Among many things people have called Donald Trump, a disturbing number of the commentariat have said he’s a populist. They are wrong.
He certainly isn’t a populist in the American tradition of people and politicians who were exercising populism when they drove the movements of the 19th and 20th century to expand the vote to include all white men and not just landowners, then to abolish slavery, then to extend voting rights to blacks and all races, to grant votes to women in 1920, and to win civil rights and stop the war on Vietnam in the ‘60s and ‘70s. These movements were all driven by people united in their determination to make American democracy live up to its name.
Trump isn’t a movement -- he represents himself – and there’s nothing participatory or democratic about his relationship with those who voted for him. They wanted to kick out the establishment, and in his fetid id, he understood their anger and dog whistled his way into the White House.
While many Americans have had it with corporatist parties promising more prosperity then delivering more austerity, Trump seems to think his being a rogue corporate is enough to keep his followers cheering. Meanwhile, what he’s delivering is a bonanza of infrastructure spending to enrich the construction and manufacturing industries, tax cuts for the rich, and a regulation-demolition derby that will profit corporations and make life more miserable for the poor and middle classes – all wrapped in rhetoric about getting government off our backs.
Now what’s emerging as a major Trump goal, however, is to supplant the Washington/Wall St “deep state” of global corporates, the state department, the intelligence agencies, and the military, with his own deep state whose mission is to contain or crush China and any other nations who are business or military rivals for control of the world. His global compadres in this white-man’s crusade are Putin, a few soulmates like Zeman of the Czech Republic and Orban of Hungary, lapdogs like Theresa May and the Turnbull government, and the filipino thug Duterte.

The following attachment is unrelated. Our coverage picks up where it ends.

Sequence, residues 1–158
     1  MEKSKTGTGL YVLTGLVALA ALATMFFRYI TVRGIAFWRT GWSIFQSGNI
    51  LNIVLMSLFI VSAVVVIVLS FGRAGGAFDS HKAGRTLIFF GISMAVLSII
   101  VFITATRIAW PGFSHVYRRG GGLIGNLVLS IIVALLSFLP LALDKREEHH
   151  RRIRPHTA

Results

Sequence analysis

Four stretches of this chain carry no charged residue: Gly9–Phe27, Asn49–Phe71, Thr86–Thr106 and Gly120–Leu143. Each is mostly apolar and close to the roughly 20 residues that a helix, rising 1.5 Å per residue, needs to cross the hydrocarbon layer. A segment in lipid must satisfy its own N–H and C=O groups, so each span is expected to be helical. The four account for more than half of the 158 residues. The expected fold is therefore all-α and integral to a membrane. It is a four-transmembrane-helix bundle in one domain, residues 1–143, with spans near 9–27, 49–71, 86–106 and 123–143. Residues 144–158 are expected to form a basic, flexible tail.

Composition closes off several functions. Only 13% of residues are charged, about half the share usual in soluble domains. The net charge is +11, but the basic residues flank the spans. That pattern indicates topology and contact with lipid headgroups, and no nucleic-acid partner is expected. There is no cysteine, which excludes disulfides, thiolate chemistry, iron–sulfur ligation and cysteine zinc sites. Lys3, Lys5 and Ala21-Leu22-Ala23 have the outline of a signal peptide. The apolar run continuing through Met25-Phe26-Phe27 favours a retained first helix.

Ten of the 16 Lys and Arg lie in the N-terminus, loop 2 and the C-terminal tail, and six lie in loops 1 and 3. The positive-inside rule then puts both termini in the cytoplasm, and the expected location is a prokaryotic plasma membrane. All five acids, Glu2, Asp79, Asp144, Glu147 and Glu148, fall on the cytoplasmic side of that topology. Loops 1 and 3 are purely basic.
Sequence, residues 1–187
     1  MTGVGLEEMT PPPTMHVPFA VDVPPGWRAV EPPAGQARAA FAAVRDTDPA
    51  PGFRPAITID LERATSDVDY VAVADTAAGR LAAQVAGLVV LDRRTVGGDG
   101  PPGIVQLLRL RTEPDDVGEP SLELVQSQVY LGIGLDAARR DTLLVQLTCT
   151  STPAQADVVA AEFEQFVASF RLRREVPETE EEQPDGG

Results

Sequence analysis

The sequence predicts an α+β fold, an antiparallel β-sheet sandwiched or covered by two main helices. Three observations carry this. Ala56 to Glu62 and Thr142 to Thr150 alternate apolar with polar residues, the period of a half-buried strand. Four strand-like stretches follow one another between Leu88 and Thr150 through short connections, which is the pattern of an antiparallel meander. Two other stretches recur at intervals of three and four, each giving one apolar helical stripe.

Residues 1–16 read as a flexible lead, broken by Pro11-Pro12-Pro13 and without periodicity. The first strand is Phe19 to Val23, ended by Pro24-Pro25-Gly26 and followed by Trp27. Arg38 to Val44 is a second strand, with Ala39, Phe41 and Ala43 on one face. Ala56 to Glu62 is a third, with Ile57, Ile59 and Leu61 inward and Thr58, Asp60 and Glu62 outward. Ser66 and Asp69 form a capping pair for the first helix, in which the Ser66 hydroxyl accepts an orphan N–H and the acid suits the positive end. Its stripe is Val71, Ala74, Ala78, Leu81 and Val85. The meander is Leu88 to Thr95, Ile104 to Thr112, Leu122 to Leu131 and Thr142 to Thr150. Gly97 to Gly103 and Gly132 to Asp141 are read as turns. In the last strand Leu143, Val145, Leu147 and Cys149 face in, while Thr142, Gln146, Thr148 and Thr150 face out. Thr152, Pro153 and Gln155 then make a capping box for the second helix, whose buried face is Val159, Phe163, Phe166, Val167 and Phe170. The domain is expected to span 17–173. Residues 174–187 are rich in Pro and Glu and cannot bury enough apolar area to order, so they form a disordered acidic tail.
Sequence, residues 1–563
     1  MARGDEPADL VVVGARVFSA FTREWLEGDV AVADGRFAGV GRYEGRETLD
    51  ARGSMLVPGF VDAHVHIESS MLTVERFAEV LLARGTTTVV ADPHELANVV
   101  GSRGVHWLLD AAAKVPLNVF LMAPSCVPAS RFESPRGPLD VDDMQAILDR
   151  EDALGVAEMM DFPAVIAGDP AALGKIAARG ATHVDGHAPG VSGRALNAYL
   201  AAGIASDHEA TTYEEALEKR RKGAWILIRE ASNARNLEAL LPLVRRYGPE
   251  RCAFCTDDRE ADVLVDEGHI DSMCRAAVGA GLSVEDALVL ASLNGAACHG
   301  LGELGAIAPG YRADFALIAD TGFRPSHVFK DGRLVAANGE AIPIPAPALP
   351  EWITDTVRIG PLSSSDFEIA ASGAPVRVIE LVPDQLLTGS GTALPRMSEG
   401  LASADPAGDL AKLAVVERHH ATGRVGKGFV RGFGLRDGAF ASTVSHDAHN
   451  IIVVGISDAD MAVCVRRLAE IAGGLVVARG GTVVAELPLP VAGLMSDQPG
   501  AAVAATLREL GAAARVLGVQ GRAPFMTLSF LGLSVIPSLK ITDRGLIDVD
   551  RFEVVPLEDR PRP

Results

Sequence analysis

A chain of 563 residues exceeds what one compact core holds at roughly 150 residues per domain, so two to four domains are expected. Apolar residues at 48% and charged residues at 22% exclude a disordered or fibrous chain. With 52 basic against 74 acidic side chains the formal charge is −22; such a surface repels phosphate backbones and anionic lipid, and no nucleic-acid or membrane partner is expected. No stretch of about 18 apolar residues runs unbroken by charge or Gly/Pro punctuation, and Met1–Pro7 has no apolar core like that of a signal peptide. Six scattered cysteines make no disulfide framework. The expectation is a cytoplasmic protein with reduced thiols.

All this is interpreted by neoliberals as Trump abandoning the liberal international order and returning the world to a nasty and brutish competition among self-interested states. Which assumes that the liberal international world has been not-nasty and not-brutish, which would be a hard story to sell in what used to be called the Third World, especially to, say, the Vietnamese or the Iraqis. It is the brutishness of corporate interests in their pursuit of cheap raw materials, cheap labour, and compliant governments around the world that has engendered angry disillusionment abroad and the metastasizing povertisation of the masses in what used to be called the First World.
In fact, Trump and his gang are willing to piss off just about anyone -- even the large portion of their voters in the rust belt and the south who have long received more government money than they’ve contributed, and will thus be hardest hit by the Republican’s savage cuts in social programs.
Regardless, Trump and his co-pilot Stephen Bannon fly on like hijackers aiming their plane at the towers of power in China, desperate to crash-bomb their way to victory before the “liberal internationalists” and “enlightened interventionists” figure out how to stop them.
Congress, besieged by millions of angry citizens, just destroyed the Republicans’ plan to gut health care while judges have stymied Trump’s ban-Muslims edicts, so the President is reeling from their blows. But he’s going to be a big bull to bring down.
If we-the-people of the whole world could have our say, I reckon we’d tell all these über- corporates and their political enablers that we’d rather they saw their not-so-United States as less exceptional; spare us your enlightened and liberal interventions, please.